All of this suggests that reduced activity in the self-regulation area of the brain might be a better way to predict obesity than just measuring responses to food stimuli.  “It’s remarkable to me that we see these effects just by having participants read words like ‘French fries’ or ‘chocolate spread,’” said Susan Carnell, Ph.D. and assistant professor of psychiatry at John Hopkins University and the paper’s first author.

 

  • Over half of all teens in America are overweight or obese.

 

already know that children of overweight parents are at risk for obesity. Researchers were hoping to find a better understanding of the risk factors related to obesity. Being overweight is linked to a laundry list of health risks. Understanding obesity could lead to reducing health issues like high blood pressure, diabetes, and stroke.

 

How does this help us?


The researchers behind this study are not implying that we all should start giving our teens brain scans to identify their risk factors. However, the results of this study could affect how we treat obesity in the future. If all of these results are true, then it means that there are signs of obesity that beyond our personal control. It could indicate that obesity has genetic facets beyond just what we choose to eat.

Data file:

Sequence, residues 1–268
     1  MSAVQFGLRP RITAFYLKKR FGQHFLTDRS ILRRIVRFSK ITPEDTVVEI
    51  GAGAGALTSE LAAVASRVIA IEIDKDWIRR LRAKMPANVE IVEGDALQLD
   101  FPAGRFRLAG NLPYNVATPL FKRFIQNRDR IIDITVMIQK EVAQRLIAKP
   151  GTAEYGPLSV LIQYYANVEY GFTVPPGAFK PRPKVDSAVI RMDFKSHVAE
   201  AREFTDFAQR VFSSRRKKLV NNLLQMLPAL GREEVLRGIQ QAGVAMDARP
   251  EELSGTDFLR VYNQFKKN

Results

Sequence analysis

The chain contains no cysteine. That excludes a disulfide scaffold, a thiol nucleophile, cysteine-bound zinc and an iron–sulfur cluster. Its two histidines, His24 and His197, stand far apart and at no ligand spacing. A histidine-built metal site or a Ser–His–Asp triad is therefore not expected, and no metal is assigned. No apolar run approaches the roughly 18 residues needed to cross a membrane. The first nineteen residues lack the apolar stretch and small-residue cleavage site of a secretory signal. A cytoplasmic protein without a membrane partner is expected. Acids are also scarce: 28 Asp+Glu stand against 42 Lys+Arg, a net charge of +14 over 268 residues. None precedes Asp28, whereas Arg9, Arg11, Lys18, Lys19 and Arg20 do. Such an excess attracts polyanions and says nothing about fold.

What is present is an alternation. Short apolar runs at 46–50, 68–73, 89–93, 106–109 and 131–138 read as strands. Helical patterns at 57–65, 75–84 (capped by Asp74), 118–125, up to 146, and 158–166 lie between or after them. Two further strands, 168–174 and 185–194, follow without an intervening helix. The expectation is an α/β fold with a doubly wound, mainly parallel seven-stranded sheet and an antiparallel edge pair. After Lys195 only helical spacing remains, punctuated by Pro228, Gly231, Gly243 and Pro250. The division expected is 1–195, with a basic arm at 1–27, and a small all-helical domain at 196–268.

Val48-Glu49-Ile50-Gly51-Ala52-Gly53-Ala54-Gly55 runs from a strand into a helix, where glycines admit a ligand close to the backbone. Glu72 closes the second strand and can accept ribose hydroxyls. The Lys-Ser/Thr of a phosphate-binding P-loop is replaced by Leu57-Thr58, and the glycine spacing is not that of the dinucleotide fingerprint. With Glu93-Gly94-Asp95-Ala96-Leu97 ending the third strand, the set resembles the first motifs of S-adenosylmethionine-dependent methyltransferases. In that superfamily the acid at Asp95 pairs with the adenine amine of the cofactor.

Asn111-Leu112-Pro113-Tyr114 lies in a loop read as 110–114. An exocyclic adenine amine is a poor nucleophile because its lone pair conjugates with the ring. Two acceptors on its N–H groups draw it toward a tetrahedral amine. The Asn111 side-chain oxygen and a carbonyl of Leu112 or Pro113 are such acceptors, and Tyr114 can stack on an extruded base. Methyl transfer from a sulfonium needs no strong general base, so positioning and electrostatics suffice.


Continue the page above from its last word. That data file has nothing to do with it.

This study suggests that future treatment and prevention of obesity could focus on improving the self-regulatory parts of the body. Carnell states that “strengthen(ing) the self-regulatory system may be more useful for teenagers than typical programs focusing purely on diet and physical activity, which have not been very successful at reducing or preventing obesity.”

 

For more information, take a look at [hopkinsmedicine.org].